Someone I know, whom I’ll just call ‘Tan’, who is an IT consultant who has done work with some of the big name corporate boys in town, has been busy the past nine months documenting what he has chosen to call ‘dead mall walking’ –  a personally shot collection of short, mostly less than 10-minute hand-held phone-cam video clips showing at least 15 of these shopping malls and complexes, which are now either almost totally emptied of occupied shop lots or can be seen to be barely surviving.

These clips are very revealing. They are current and up to date – the oldest clip is from 2018 and has been seen by over 1,500 viewers; and the latest is from last week, having already attracted over 500 views. No doubt after this write-up he’ll have a few more viewers.

Most of these short videos have either brief narration, captions, or are mostly eerily silent – only the sound of his footsteps and the whirring air-conditioners or escalators can be heard in the background. I’m sure those being filmed would rather there be the sound of footsteps and noisy customers.

Tan has no personal agenda nor vendetta or even an iota of bad motive making these videos to offend or to upset anyone; except to show to us that in the rush to build and make more profits, many of the builders and developers of such complexes and malls have forgotten the simple and basic supply and demand principle.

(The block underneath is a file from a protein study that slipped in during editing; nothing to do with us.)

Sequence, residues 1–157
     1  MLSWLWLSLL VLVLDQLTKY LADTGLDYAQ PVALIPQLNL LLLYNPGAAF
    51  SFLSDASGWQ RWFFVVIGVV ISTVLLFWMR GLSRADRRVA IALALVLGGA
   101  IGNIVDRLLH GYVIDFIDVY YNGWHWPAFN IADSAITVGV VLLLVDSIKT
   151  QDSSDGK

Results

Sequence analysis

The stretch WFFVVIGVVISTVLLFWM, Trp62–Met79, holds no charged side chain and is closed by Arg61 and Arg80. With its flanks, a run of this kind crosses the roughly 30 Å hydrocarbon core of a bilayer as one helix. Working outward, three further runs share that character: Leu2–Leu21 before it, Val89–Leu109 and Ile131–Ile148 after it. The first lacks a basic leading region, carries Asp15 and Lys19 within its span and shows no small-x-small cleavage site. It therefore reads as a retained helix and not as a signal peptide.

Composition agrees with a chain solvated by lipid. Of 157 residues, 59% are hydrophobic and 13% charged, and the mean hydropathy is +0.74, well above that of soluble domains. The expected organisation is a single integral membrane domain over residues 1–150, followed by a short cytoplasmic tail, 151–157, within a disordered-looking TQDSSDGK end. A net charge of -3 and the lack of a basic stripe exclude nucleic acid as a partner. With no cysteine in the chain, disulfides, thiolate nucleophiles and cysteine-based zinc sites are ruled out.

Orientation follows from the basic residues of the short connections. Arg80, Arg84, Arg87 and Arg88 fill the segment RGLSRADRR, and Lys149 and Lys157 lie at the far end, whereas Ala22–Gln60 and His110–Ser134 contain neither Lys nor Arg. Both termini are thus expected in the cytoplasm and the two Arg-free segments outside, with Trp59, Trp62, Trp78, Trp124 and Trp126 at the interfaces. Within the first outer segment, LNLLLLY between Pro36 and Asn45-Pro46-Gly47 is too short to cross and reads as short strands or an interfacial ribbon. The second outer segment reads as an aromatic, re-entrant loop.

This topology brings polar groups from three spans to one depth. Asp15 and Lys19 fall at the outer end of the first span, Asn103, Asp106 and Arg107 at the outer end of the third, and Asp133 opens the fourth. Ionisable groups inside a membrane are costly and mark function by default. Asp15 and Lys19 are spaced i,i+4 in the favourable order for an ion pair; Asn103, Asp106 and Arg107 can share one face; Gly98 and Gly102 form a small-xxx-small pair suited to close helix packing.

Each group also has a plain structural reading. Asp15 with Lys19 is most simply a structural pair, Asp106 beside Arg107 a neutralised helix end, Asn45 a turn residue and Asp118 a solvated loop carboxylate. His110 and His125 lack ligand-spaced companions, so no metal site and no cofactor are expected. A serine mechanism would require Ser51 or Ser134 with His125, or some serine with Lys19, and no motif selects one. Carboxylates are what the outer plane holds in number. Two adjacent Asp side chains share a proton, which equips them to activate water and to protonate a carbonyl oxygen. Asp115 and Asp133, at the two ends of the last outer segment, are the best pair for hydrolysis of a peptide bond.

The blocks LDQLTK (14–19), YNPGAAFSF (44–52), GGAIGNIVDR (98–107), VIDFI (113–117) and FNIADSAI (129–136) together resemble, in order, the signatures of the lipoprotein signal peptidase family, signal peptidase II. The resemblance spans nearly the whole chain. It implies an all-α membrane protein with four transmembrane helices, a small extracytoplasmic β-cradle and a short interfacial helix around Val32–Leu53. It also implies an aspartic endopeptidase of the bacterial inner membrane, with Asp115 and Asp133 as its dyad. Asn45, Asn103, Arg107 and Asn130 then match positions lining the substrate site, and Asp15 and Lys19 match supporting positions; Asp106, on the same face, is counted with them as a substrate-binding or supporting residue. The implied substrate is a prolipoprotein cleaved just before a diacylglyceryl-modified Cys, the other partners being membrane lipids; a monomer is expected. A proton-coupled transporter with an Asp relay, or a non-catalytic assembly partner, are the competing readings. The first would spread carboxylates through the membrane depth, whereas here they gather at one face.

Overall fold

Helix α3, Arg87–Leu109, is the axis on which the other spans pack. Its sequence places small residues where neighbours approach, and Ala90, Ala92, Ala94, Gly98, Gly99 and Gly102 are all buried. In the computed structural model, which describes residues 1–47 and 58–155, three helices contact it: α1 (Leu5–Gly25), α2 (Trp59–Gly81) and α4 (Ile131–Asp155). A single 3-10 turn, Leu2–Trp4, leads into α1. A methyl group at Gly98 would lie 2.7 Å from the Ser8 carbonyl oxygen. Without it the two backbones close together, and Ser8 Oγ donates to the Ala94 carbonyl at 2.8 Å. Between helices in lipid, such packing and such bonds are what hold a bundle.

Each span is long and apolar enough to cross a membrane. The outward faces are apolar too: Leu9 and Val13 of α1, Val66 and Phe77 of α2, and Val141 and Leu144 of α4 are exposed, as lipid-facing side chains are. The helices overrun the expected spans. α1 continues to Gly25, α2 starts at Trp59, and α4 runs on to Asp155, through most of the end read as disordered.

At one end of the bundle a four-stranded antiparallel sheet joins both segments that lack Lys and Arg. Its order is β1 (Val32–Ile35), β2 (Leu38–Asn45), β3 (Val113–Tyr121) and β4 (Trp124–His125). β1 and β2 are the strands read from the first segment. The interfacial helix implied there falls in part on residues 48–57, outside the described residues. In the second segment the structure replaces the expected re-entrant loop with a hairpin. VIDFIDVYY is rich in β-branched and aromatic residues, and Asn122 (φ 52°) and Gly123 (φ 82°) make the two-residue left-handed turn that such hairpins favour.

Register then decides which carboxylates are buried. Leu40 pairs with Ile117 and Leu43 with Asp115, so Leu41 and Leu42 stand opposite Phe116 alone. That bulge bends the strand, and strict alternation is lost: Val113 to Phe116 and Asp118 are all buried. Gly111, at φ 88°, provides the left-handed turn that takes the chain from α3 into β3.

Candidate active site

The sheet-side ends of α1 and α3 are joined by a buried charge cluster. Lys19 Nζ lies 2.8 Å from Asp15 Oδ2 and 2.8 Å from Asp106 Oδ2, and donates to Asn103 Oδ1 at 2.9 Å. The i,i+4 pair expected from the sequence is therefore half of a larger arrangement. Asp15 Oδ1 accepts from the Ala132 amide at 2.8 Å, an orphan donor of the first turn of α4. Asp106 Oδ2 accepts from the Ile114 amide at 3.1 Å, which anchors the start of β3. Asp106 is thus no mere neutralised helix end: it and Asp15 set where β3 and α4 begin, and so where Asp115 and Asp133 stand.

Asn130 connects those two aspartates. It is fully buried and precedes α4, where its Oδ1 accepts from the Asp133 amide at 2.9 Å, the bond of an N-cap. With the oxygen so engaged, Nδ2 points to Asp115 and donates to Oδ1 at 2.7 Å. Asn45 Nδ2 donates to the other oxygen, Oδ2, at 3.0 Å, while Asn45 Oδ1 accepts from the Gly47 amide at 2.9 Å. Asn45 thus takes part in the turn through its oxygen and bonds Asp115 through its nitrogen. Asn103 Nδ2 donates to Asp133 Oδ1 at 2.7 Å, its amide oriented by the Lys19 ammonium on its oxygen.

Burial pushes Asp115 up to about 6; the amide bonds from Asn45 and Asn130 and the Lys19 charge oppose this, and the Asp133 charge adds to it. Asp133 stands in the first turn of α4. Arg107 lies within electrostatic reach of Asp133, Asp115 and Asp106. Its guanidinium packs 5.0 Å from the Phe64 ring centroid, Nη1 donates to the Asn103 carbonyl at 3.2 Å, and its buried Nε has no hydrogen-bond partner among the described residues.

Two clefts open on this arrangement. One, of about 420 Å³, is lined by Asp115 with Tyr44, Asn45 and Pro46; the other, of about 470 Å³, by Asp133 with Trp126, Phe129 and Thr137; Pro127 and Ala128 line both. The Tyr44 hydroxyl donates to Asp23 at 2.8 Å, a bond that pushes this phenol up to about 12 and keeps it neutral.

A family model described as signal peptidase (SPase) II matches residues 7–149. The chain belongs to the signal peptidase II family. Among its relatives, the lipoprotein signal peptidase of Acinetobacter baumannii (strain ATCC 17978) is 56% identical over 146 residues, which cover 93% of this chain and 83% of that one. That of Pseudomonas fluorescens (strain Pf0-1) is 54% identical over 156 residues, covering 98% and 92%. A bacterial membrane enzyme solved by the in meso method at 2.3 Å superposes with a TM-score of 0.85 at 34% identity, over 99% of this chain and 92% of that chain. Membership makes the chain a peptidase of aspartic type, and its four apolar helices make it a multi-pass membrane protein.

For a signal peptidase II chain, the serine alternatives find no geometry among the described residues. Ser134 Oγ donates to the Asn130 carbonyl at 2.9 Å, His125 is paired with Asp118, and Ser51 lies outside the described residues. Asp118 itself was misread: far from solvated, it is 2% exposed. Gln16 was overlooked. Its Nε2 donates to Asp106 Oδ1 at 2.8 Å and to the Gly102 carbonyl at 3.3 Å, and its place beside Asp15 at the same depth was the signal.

Yet he has been threatened, not once, not twice, but many times; and been asked (not too gently as well) to either take down his personal video clips or face the consequences of being sued! I am just wondering how these ‘aggrieved parties’ could go about suing someone over some videos that he has taken of public domains, which have just shown some empty shop fronts and mezzanine floors with no customers. It could well be a landmark case in the making.

I might venture a thought or two about how these redundant and empty shopping spaces can probably be turned around, or made to be more appealing to niche customers. Right now every single shopping mall and complex here in town offers everyone the same items for sale – there is no difference between going to say tHe Spring, Plaza Merdeka, or VivaCity!

Some places like Singapore have their Sim Lim Towers; which specialize in IT, electronics, and telephony equipment. Others elsewhere have a lot of private medical clinics and specialist centres within the same building. Yet many more either offer niche gourmet foods or have bars catering to imbibers of single-malt whiskies, or sake, or gin. Some specialise in spas and beauty salons. The list goes on.

Right now, the only mall from yesteryear which is still surviving due to such a foray into such a niche market is Wisma Saberkas, which has turned into quite an attraction for those customers looking for a good deal on IT goods, mobile phones, and other electronics.

But don’t just stop there. Try and reinvent yourself and look further afield. Be more adventurous and innovative – who knows, success could be just around the next corner. Niche marketing is the way ahead. Eventually the online business will do you in if you don’t change now.